It’s a sad fact but true: About 50 percent of all marriages end in divorce. Of course, on the day you get married you never expect to be in the half that do get a divorce. But chances are 50/50 that you will. So what can you do to make the odds more favorable? Here are some suggestions to help you have a long and happy marriage.

What You Can Do To Save Your Marriage Nancy'S Counseling Corner

Hang out with your partner. Yup. Just hang out. Relax. Spend some time just talking with each other. Really talking, not just exchanging logistical info, like who should pick up the kids and what to add to the grocery list. Make an appointment to have regular talks in a relaxed and non-stressed atmosphere. Really talk about things like your hopes and dreams. And remember to update each other. Dreams can change and new ones emerge.

Pursue your passions. A fulfilled human being makes a happy and interesting person, and that makes you a better partner. If you give up hobbies and interests you have for the sake of your marriage (or for any reason) then you will short-change yourself, and, ultimately, your spouse. Not to mention the resentment that will build and fester inside you if you give up what you love. So find a way to fulfill your desires and support your spouse in fulfilling his, too.

Learn to manage conflict. Some things are worth fighting about. Some things aren’t. Try to discern what’s really important to you before you call your partner on it. Edit yourself, in other words, because you may find some things are not worthy of your wrath in the long run. However, that is not to say you should avoid conflict. Couples who avoid it at all costs are often the ones headed for divorce. If you do let something slide and it continues to trouble you, you must bring it up. You must not stay silent, especially if that silence compromises of your values. Over time, you’ll learn when and how to confront your partner.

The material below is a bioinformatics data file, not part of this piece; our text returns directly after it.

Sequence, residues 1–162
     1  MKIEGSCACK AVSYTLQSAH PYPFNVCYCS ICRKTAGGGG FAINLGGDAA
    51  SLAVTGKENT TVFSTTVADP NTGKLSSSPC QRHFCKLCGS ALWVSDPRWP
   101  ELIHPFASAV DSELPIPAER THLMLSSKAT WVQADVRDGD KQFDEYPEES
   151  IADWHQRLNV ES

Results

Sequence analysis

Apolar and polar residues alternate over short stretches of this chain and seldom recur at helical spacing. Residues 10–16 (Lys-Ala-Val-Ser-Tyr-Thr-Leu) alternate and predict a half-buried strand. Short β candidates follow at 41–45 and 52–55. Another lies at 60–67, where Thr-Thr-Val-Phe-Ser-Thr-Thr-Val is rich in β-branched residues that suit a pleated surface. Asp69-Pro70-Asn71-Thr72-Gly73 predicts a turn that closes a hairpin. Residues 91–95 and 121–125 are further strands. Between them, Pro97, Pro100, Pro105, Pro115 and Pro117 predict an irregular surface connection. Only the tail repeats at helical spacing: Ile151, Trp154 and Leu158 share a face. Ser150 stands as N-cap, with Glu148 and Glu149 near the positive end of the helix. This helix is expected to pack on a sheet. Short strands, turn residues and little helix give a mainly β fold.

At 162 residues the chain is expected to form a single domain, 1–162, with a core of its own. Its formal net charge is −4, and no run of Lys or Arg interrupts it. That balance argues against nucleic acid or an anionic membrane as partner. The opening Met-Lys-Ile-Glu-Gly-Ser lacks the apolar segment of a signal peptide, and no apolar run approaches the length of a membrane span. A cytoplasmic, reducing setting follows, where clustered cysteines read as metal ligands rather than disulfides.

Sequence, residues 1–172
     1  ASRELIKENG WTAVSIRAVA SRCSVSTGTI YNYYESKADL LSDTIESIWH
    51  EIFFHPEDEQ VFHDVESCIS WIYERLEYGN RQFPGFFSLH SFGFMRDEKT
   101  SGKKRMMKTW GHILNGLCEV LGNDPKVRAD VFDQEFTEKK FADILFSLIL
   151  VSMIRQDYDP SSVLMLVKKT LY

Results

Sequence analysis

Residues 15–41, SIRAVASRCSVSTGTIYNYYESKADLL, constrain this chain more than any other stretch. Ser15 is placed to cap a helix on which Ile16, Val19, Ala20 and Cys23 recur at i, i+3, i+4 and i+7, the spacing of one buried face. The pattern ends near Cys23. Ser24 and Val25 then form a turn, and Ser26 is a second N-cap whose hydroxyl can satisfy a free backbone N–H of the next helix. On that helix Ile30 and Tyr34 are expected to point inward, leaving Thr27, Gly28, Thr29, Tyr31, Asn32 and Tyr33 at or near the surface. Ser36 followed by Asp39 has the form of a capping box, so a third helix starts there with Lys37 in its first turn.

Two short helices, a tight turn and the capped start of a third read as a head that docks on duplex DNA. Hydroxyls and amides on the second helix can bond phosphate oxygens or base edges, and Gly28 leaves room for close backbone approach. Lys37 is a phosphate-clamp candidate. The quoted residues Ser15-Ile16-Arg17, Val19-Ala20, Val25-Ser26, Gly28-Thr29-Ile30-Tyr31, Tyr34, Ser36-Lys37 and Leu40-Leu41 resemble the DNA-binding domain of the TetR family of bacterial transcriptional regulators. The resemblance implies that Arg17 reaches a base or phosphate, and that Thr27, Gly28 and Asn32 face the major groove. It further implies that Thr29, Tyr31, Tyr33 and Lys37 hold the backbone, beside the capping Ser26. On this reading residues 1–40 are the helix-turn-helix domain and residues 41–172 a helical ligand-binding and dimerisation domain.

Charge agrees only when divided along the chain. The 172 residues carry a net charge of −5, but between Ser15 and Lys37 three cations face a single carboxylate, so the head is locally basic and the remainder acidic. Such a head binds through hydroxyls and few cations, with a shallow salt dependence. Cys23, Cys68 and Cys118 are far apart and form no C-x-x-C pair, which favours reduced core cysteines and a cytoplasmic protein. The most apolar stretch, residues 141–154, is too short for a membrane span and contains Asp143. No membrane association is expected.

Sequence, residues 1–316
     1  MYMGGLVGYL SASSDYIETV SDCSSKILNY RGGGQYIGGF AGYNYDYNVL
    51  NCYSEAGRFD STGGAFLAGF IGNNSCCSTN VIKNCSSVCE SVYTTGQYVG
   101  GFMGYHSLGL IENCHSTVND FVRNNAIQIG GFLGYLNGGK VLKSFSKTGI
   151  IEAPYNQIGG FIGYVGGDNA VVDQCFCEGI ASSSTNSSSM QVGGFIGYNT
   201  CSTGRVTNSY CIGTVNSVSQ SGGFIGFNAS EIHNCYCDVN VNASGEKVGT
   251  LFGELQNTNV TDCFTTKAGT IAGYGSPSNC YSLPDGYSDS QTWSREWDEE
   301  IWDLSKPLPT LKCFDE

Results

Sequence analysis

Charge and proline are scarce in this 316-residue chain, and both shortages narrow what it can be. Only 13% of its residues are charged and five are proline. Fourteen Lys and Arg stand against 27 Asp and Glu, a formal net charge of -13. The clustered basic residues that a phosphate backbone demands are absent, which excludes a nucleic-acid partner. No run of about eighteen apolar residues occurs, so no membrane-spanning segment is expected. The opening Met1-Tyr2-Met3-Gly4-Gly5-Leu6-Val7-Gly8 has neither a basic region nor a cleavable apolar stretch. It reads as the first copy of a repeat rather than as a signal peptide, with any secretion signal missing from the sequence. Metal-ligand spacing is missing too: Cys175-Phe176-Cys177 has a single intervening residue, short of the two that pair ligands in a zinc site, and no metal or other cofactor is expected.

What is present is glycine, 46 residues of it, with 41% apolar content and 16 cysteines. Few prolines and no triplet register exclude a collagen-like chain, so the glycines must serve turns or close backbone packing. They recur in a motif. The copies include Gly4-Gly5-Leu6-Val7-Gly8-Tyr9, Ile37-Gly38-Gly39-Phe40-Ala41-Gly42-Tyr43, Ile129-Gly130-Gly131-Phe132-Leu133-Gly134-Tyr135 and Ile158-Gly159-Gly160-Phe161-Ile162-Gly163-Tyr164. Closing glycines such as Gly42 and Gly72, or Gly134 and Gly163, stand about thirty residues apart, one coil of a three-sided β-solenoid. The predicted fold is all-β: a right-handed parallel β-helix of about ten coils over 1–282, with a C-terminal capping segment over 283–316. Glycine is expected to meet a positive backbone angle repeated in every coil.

Keep the conversation going. Even in the midst of an argument, it’s a good idea to make sure you maintain open communications. Always be ready to listen with your whole heart and mind to what your partner has to say. Make a real effort to walk in his shoes. Ask for clarification if you don’t fully understand what he’s trying to get across to you. Do not succumb to the temptation of punishing your partner with the silent treatment—it doesn’t solve anything. Nor do threats. Only a sincere effort to connect with love and understanding will do.

Take an honest look at yourself. Before you accuse your partner, look at what’s going on inside yourself. We’re all human and we all make mistakes. Even you. So take responsibility for your actions and accept that you may have caused at least part of the problem. Blaming your partner for everything is not helpful. Be adult enough to look at your situation objectively.

Seek counseling when appropriate. A qualified therapist can help you identify and break toxic patterns of behavior in your relationship. A therapist can help you explore problems with a fresh, positive perspective and discover new ways to handle conflict, improve communication and rebuild a solid relationship.


Nancy Travers is an Orange County Counseling professional. If you need safe, effective counseling services, please get in touch. You can reach her here: